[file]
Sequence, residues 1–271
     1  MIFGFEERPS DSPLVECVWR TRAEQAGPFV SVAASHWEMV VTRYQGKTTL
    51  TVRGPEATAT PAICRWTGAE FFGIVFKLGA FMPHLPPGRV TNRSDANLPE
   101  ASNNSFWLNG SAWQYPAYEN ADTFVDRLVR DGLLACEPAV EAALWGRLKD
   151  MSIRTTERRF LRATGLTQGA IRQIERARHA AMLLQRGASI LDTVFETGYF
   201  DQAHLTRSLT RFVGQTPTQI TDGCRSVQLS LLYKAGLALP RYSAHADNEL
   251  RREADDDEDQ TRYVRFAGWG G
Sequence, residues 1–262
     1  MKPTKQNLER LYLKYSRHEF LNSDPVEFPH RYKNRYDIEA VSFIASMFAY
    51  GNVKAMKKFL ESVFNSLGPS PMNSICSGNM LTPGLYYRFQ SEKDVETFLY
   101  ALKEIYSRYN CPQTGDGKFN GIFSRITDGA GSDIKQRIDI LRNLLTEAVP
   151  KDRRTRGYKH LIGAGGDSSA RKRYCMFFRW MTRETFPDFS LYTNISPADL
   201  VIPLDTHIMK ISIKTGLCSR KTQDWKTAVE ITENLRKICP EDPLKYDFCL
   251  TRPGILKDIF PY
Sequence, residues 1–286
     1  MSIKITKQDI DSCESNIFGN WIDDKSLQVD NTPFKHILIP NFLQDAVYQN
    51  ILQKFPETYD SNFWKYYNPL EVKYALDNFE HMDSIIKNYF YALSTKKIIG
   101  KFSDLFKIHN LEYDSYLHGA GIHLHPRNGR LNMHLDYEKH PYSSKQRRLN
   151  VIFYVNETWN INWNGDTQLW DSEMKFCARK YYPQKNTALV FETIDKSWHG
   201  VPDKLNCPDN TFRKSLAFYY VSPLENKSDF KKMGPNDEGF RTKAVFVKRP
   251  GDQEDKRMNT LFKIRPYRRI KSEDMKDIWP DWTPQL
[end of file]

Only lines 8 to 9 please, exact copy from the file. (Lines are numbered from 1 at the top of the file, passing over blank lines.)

Sequence, residues 1–262
     1  MKPTKQNLER LYLKYSRHEF LNSDPVEFPH RYKNRYDIEA VSFIASMFAY